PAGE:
Questions and Answers on the Pregnancy and Lactation Labeling Rule
1. What is FDA announcing today?
FDA is proposing major revisions to prescription drug labeling concerning drug use during pregnancy and breast-feeding. FDA’s proposed rule would require more complete information about the use of drug and biologic products by women of childbearing age, pregnant women, and women who choose to breast-feed.
2. What are the major changes that are being proposed?
Today’s proposed revisions to prescription drug labeling represent a major milestone, because the new labeling would provide available scientific data and information - in a clear and accessible format - about the use of drugs by pregnant and nursing women. The new labeling format will include a risk summary and information about available data on use of the drug during pregnancy and while breastfeeding, to help health care providers counsel pregnant women, nursing women, and all women of reproductive age about the use of prescription drugs and biologics.
Among the major changes will be the elimination of the letter category system, which frequently has been criticized as misleading and overly simplistic. The proposed new labeling format will be based on the most relevant scientific data available, and will provide information specifically intended to address the special health needs of pregnant and nursing women.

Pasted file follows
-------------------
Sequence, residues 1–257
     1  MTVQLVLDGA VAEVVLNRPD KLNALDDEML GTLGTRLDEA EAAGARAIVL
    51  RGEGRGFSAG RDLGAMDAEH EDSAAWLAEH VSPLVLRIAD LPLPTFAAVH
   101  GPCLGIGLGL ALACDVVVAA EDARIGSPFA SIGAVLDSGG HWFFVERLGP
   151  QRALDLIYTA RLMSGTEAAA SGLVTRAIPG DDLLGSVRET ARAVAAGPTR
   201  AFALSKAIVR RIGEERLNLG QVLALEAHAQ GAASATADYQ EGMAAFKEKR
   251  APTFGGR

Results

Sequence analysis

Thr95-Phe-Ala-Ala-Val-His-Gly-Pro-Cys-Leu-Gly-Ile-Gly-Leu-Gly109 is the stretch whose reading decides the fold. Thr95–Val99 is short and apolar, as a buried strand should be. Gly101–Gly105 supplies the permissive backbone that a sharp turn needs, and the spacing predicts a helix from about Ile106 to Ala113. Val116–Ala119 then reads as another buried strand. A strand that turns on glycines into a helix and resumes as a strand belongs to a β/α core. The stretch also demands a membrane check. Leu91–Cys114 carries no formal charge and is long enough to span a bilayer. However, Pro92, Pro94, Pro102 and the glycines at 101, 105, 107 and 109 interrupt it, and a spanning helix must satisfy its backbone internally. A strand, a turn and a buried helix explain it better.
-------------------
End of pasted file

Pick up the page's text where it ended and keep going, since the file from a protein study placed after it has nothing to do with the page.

3. What drugs will be affected by this rule?
The revised pregnancy and lactation formats would be used for drugs approved after the final rule becomes effective, as well as for previously approved drugs that are subject to the FDA’s recent physician labeling rulemaking. For those previously approved drugs subject to the physician labeling rulemaking, the revised formats would be implemented over a period of years. In addition, the current system of letter categories relating to use of the drug in pregnant women would be eliminated from the labeling of all approved drugs.
4. What is FDA's goal for the new labeling format?
FDA’s goal is to give health care providers better information about the use of prescription drugs during pregnancy and breast-feeding. We believe that better information will help healthcare practitioners, in consultation with their patients, make more informed choices about which drugs to prescribe during pregnancy and breast-feeding. The more detailed information that this labeling will ultimately provide should also help health care providers counsel women who took a drug before they knew they were pregnant.
5. How would this proposed rule benefit women who are pregnant or breast-feeding?